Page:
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Old 09-10-2019, 09:09 PM   #66
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Re: Monarch Butterflies.


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Beautiful photos and fascinating stories. Iím impressed with the Monarch nurseries you all have. Sadly I wasnít successful with Monarchs.
Keep trying!
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Old 09-11-2019, 12:04 AM   #67
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Re: Monarch Butterflies.


Had dropped my wife off for her hair appointment and parked in front of that shop. Spotted a small patch of milkweed in a flower bed and all that was left were a fer partially eaten leaves. I didn't inspect it but didn't see any monarchs, suspect they were already gone. Several news articles saying it has been a bumper crop this year.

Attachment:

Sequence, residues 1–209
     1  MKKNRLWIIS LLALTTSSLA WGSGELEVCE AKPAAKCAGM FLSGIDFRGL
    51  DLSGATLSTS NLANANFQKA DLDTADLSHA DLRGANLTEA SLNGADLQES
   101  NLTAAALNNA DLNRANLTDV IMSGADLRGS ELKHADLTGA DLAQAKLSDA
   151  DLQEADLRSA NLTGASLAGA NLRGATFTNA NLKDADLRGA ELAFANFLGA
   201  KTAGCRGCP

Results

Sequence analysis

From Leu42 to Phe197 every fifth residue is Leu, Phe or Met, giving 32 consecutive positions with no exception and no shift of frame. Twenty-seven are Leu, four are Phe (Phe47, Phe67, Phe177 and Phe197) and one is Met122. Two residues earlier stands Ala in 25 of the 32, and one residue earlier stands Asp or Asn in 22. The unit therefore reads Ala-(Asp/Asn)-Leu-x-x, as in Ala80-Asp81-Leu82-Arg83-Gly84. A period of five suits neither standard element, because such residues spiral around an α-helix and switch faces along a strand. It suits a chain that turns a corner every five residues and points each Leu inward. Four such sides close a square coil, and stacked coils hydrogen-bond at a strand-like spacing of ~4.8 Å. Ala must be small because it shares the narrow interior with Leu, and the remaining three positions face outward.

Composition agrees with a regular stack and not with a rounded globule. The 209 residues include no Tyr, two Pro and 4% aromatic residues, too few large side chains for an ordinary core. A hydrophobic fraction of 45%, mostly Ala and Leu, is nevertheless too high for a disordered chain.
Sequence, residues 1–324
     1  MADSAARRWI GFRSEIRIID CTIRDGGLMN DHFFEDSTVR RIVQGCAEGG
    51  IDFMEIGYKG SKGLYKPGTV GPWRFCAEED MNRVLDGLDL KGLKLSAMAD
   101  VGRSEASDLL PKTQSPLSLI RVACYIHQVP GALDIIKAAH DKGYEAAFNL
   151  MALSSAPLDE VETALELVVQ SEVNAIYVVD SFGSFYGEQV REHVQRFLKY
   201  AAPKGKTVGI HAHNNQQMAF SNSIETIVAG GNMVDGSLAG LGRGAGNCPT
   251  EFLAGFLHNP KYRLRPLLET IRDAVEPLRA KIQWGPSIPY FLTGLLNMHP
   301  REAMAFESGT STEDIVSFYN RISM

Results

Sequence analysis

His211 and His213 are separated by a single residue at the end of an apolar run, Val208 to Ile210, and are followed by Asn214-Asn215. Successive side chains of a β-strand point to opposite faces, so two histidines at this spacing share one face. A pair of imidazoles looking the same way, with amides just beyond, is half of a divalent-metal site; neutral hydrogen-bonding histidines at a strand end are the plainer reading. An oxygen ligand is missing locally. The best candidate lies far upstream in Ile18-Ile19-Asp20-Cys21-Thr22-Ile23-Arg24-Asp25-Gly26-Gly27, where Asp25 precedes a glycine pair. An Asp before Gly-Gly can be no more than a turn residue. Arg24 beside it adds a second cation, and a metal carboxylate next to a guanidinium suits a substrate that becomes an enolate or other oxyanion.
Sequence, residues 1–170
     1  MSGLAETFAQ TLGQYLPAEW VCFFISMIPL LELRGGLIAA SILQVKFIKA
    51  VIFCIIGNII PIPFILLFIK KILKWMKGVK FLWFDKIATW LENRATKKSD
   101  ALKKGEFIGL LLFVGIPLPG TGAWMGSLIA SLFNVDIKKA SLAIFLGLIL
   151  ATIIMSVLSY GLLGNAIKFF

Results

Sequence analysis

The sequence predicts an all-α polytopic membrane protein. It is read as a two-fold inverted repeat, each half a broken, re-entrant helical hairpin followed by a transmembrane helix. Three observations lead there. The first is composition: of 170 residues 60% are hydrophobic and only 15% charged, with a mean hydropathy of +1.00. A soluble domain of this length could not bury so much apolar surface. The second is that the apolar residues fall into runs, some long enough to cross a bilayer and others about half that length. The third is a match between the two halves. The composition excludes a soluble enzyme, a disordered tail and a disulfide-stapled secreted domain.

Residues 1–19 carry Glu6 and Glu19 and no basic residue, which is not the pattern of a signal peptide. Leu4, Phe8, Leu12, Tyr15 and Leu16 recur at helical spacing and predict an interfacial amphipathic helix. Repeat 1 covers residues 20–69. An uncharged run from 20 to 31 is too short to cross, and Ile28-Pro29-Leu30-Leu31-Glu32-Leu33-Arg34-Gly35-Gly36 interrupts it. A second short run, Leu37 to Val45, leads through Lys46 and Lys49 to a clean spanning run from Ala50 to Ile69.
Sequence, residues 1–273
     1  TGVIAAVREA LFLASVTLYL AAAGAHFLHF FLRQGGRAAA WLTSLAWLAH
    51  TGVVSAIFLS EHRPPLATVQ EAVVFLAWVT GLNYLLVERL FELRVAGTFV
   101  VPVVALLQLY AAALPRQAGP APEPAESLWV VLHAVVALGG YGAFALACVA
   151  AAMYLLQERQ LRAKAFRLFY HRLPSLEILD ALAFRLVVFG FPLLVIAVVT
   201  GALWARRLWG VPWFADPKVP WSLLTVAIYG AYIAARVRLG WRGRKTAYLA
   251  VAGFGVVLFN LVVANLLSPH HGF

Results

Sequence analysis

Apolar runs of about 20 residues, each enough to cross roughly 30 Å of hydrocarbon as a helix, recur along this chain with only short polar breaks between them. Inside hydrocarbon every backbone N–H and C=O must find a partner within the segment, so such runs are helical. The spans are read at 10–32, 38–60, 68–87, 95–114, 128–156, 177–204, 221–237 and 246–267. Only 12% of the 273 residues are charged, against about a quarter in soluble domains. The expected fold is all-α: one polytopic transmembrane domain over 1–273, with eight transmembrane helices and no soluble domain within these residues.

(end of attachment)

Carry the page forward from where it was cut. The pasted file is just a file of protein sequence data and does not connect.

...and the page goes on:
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Old 09-11-2019, 07:31 AM   #68
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Re: Monarch Butterflies.


until this year I’ve grown fennel which is a host plant to swallowtails. These posts are the first ones I’ve heard of where others notice butterfly eggs. My swallowtails just skim over the plant, hovering for seconds and days later I will see the eggs, like little pearls.

I have to stand vigilance or my cardinals eat them. I cover with netting an still the cardinals chew on caterpillars that crawl to tip of stems next to netting.

I cut stems with cocoons an put inside porch until they hatch and it’s amazing to watch them emerge and dry. its always early morning and when released they always fly eastward.

Aug and Sept my yards is full of butterflies drifting back and forth. I have a lot of nectar plants for zebra longwing, sulphur, gulf fritillary and swallowtails.
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Last edited by Startingover; 09-11-2019 at 07:38 AM.